Owner LLC’s O&M team gets off to a difficult start. They have thousands of data tags to sift through and have difficulty determining if the values being reported are labelled correctly, within range and with correct calibration coefficients.
They discover that the current transformers were wired in in the wrong direction, and the system is reporting that it’s importing power when it’s actually exporting. When the O&M team reaches out to the construction team about the problem, they find that they have moved on to other projects and are uninterested in providing support. The problem never gets fixed, but eventually the O&M team resolves the major issues and the system begins to operate as it was designed.
Meanwhile, EPC Inc is producing periodic reports with details of performance guarantee status, as required by Owner LLC. Measured data is never perfect – sometimes it’s missing, irradiance sensors are not always clean and outage hours are often not clearly defined – and EPC Inc must make several assumptions to finish its performance calculations. Because of this, EPC Inc knows that if two engineers were to make independent calculations, there is a high likelihood that their results would not be the same.
If the first step calculations show that the performance guarantee has been met, EPC Inc does not put extra effort to verify data quality. However, if calculations don’t show the performance guarantee hasn’t been met, more exploration will be done. After each period, EPC Inc sends out its performance report and sees if it sticks with the owner. At EPC Inc, the feeling is that it can always be modified if assumptions are questioned. Later, an inverter shuts down with a ground fault, and EPC Inc is required to help resolve it.
In this case, EPC Inc is diligent in resolving problems proactively because they are worried about meeting their performance guarantee. The process of identifying the root cause of problem and collaborating with equipment manufacturers to resolve it is time consuming. However, toward the end of the true-up period over which performance is averaged, they realize that they are going to meet the guarantee comfortably, and become less proactive in resolving future problems.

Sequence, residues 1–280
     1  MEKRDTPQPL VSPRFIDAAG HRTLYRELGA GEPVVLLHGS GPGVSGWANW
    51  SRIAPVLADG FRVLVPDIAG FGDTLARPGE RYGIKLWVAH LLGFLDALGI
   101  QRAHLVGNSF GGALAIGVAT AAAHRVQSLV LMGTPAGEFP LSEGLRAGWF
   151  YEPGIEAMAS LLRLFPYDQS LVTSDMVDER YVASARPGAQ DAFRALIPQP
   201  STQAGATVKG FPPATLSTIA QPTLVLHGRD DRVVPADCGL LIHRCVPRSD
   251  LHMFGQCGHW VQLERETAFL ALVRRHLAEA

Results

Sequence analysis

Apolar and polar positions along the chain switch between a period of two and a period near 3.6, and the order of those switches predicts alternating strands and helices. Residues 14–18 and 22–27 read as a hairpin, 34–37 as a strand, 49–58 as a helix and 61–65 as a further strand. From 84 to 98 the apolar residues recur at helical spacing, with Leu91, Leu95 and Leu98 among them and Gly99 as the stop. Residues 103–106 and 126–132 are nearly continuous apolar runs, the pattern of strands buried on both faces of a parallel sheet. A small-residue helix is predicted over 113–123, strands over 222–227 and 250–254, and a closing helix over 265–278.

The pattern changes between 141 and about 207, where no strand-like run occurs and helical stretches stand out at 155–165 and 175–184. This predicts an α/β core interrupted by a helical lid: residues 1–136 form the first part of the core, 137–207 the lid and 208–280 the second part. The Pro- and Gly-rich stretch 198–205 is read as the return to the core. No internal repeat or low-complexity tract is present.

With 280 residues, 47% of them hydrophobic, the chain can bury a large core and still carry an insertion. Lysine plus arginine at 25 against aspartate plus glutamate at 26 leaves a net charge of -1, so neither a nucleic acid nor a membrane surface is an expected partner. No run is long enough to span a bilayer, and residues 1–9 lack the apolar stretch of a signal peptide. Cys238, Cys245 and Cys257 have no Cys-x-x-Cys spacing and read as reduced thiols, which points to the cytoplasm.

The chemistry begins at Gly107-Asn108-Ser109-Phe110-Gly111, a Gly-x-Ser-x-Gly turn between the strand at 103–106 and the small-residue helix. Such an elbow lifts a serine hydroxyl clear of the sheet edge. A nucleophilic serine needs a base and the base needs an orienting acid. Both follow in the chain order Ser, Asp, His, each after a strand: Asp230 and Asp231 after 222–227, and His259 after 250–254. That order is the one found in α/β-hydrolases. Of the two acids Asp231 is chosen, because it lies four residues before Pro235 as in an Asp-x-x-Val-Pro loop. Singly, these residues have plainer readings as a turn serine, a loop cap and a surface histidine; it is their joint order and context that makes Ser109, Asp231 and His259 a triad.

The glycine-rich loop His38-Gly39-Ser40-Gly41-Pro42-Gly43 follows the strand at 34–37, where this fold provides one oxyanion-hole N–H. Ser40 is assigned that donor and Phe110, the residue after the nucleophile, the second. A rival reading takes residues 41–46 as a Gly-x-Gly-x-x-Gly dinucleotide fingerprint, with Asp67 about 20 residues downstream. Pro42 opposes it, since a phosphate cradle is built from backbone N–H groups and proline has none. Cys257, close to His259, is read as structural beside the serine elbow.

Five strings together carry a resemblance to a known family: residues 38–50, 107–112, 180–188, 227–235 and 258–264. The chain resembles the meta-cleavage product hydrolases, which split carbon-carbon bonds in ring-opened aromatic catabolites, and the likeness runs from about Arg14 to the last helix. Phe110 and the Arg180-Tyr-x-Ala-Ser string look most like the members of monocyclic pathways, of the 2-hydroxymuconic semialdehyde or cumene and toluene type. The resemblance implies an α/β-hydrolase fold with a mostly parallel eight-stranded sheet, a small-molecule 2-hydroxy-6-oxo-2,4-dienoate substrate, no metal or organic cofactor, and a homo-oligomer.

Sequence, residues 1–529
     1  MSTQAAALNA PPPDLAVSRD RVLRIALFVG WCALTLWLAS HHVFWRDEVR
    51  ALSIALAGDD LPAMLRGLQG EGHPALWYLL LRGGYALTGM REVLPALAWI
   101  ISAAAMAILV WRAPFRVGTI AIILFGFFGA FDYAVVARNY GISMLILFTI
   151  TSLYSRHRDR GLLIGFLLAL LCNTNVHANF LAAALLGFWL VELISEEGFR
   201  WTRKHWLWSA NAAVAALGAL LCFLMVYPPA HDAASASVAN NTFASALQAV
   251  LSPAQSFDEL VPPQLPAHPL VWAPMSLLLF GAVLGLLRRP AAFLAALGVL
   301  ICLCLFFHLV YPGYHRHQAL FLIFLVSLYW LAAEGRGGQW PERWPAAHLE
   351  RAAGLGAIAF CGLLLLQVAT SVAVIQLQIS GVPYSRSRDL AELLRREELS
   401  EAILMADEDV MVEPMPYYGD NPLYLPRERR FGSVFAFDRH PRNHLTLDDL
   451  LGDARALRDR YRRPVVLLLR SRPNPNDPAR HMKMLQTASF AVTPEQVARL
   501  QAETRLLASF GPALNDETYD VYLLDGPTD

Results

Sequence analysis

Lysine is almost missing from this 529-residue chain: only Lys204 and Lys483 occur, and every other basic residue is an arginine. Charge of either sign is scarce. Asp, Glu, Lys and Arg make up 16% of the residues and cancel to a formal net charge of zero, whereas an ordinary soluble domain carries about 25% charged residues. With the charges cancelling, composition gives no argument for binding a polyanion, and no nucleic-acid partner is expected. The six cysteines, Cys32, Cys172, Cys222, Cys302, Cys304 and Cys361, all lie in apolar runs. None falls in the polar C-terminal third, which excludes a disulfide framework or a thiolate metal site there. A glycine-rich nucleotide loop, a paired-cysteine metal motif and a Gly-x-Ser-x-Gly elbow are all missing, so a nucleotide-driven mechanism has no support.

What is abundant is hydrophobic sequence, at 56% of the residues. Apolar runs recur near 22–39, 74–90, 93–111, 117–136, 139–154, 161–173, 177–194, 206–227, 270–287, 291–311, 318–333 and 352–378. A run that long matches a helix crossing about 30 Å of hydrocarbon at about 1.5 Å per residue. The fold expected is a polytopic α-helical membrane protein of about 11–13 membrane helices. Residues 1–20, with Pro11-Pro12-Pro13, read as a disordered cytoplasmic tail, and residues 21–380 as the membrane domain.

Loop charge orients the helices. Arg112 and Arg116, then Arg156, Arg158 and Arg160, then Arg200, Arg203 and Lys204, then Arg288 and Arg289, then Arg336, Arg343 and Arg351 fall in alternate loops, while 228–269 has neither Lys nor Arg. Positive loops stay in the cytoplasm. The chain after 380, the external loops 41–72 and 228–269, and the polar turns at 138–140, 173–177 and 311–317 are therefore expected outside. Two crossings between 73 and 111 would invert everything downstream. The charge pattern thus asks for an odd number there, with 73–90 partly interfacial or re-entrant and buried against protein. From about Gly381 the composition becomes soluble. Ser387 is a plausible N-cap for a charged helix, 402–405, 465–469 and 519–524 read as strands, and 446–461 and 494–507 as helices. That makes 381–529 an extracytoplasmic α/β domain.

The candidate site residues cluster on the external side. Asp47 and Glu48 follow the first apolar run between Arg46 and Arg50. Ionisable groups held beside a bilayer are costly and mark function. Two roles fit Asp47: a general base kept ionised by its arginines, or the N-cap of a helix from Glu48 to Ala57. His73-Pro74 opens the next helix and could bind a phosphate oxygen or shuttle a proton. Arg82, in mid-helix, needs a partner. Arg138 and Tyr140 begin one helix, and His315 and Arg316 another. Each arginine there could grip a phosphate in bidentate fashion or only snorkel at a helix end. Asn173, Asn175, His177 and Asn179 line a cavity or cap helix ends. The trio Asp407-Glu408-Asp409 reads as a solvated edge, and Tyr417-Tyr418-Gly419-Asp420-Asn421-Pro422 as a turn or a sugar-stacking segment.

Then a problem occurs with one of the system’s generation step up (GSU) transformer and the whole plant goes down. In this case, the owner procured the transformer for the EPC, which is not uncommon for big ticket equipment. The performance guarantee threshold is not met for the period, but Owner LLC struggles to force EPC Inc to make them whole since EPC Inc was not the one that specified or procured the equipment. After the true-up period ends, EPC Inc reduces its expensive proactive troubleshooting program and starts providing help only when required. They have met their contractual obligations and don’t benefit from additional energy production, so they no longer have any incentive to improve system performance.
Real life scenarios can be considerably more complex than this, but many of the issues identified above happen commonly. Although projects are capable of producing more, it’s often hard to realize their full potential because incentives are often misaligned despite best efforts. Sophisticated project owners must have a “prevention is better than cure” mindset in the case of performance guarantees, and keep in mind the incentives of various project participants.
Are there any scenarios you have experienced where misaligned incentives made it difficult to optimize solar plant performance?